Weekend Rock Question: What Is the Best Live Album in Rock History?

Cast your vote in our weekly poll

November 16, 2012 4:35 PM ET

This month, Led Zeppelin are finally releasing a live album of their 2007 reunion concert at London's 02 Arena. They may be one of the greatest live acts in rock history, but the only live album they released during their original run was the soundtrack to The Song Remains the Same.  They've since released How the West Was Won, which drew from two California shows in 1972, but a ridiculous amount of great live content still sits in the vault.

Most great live bands were more generous with their tapes. The Who gave their fans Live at Leeds, James Brown put out Live at the Apollo and the Allman Brothers released At Fillmore East. The list goes on and on.

Now we have a question for you: What is your single favorite live album of all time? It has to be something officially released by the band. No bootlegs. Please only vote once, and only for a single album.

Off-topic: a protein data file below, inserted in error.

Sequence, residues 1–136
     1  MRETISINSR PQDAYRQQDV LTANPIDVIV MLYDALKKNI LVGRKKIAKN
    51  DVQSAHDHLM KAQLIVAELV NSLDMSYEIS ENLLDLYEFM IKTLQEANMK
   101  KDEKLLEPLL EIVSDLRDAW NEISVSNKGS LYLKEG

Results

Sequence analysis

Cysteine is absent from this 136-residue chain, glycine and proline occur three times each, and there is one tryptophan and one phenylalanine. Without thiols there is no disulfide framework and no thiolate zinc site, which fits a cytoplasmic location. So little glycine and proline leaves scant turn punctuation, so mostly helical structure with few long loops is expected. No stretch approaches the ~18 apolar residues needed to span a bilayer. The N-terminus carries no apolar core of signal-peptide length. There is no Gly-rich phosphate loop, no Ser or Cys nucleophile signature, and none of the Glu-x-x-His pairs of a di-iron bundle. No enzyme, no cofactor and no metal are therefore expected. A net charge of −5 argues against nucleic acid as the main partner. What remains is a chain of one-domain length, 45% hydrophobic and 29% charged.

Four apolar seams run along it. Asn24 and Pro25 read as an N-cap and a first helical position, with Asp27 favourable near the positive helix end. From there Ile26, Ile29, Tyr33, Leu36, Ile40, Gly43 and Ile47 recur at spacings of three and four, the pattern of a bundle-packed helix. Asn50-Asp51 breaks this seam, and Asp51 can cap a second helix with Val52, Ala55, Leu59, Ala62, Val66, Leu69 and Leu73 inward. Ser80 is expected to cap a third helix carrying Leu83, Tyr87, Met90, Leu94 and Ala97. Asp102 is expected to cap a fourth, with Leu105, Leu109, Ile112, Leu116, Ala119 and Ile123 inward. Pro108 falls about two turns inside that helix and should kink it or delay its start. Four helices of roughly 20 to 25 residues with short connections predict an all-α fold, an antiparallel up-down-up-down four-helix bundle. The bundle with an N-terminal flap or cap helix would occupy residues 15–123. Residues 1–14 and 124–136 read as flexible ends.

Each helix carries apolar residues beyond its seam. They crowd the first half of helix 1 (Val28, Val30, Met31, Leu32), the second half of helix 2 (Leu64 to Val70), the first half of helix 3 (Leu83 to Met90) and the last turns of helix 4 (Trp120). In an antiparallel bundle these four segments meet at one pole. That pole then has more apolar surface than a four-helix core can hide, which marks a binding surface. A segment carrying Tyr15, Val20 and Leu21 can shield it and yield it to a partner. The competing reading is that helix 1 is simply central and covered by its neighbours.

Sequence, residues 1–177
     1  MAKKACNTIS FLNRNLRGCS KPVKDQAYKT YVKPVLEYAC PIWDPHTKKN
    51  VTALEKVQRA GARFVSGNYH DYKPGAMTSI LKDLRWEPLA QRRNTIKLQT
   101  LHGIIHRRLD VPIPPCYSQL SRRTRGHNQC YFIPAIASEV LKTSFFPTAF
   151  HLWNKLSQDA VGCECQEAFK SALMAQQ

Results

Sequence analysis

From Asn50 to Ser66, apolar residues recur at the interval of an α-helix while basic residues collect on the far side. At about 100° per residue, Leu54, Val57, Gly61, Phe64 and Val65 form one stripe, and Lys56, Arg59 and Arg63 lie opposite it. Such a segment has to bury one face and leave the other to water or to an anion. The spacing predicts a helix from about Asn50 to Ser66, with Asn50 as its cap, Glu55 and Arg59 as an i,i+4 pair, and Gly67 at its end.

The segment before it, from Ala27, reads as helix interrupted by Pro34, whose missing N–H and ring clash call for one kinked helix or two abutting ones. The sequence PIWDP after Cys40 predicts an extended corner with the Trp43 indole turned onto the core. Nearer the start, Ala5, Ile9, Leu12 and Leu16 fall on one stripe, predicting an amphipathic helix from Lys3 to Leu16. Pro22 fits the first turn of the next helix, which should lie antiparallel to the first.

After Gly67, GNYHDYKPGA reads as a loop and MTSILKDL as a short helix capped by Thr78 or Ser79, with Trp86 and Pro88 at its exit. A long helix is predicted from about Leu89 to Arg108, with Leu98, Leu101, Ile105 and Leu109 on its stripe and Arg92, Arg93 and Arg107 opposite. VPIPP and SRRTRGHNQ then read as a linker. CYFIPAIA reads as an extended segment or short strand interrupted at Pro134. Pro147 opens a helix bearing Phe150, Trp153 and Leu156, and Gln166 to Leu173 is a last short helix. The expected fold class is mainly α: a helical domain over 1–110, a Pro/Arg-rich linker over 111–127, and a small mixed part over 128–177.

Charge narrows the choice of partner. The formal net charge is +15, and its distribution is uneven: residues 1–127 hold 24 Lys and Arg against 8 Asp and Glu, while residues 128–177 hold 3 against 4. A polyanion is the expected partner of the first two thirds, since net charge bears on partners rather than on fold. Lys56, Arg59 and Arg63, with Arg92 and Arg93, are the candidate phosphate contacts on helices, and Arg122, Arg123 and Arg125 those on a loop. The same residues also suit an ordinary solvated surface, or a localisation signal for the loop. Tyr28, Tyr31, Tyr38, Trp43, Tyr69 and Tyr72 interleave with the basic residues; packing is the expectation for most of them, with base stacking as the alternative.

You can vote here in the comments, on facebook.com/rollingstone or on Twitter using the #weekend rock hashtag.

To read the new issue of Rolling Stone online, plus the entire RS archive: Click Here

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“Whoomp! (There It Is)”

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Cecil Glenn — a.k.a., "D.C." — was a cook at Magic City, a nude dance club in Atlanta, when he first heard women shout "Whoomp — there it is!" Inspired by the party chant, he and partner Steve "Roll'n" Gibson wrote a song around it. Undaunted by label rejections, they borrowed $2,500 from Glenn's parents and pressed 800 singles, which quickly sold out in the Atlanta area. A record deal came soon after. Glenn said the song was meant for positive partying. "If you're going to say 'Whoomp there it is,' and you're doing something negative, we'd rather it not have come out of your mouth."

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